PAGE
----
Challenges traditional novel scholarship that emphasizes the individual and the Bildungsroman, broadening the focus to the family and both canonical and non-canonical novels, reading them together with biological, legal and pedagogical texts.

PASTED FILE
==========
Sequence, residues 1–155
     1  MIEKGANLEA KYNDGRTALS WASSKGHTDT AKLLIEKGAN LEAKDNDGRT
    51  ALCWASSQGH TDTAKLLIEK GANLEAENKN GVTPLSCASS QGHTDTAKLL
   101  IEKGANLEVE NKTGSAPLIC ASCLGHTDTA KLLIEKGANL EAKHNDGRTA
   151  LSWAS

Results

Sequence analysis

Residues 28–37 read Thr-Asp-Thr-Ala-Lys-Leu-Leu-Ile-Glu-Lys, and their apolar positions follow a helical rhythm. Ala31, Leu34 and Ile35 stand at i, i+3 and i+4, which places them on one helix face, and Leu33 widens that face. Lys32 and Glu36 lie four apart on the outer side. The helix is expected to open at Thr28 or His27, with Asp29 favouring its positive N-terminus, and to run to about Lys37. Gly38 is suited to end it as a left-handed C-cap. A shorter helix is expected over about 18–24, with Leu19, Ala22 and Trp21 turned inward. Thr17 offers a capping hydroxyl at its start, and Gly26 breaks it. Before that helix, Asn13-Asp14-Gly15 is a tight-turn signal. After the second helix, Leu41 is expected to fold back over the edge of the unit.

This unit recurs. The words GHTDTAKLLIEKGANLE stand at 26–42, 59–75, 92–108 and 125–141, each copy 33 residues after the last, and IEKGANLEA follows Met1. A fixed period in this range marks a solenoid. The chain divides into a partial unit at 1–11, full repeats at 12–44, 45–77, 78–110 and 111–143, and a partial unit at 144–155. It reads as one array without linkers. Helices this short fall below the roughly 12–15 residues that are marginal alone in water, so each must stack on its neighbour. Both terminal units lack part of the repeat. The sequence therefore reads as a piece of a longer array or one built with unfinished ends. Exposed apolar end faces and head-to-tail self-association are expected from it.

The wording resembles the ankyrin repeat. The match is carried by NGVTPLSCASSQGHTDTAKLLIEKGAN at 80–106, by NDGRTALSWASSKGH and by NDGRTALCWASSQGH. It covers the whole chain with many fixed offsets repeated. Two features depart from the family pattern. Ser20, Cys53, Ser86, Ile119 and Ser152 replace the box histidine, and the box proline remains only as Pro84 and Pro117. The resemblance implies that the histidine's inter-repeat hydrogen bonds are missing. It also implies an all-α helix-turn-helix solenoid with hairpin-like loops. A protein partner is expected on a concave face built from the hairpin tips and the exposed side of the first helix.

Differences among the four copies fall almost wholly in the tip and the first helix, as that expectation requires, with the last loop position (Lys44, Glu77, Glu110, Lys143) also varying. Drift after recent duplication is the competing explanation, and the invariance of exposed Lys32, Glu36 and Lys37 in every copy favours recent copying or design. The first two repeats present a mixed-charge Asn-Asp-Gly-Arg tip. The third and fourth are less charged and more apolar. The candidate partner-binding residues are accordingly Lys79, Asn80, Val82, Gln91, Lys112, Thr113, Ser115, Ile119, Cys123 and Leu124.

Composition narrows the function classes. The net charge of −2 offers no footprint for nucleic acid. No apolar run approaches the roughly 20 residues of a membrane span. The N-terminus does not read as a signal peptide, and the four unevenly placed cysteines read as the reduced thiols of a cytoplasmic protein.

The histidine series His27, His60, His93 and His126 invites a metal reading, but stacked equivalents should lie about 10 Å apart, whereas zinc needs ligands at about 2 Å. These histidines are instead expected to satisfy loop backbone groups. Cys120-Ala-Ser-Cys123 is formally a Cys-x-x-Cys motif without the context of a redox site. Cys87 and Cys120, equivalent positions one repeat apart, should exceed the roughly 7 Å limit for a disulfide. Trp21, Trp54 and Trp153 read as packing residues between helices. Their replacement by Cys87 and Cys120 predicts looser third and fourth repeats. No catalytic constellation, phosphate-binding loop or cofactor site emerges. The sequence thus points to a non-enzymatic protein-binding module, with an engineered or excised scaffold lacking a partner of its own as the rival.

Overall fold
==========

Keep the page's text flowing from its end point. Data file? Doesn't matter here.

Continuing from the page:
Fragmented and morbid, yet full of an inspiring, adolescent sensitivity, Douglas Kolk's drawings and collages feature seductive, abject figures who seem to be at odds with themselves and the world around them. Influenced by Pop art and contemporary media images, Kolk's delicate, confessional works have titles like A Boy Named Deth, A Girl Named Sic, and Hi Sunflower! and deal intensively with popular youth culture. Perhaps the artist's personal history lends some insight: born in Newark, NJ, in 1963, Kolk grew up in a senior citizens' home led by his father, a Baptist preacher. After studying graphic design, he worked as an assistant to Robert Longo, and then as the curator of a corporate art collection. In the mid-90s, increasing artistic success brought enough pressure to cause Kolk to stop working for a while. He recently resumed drawing, and has had solo shows at Team and David Zwirner galleries in New York.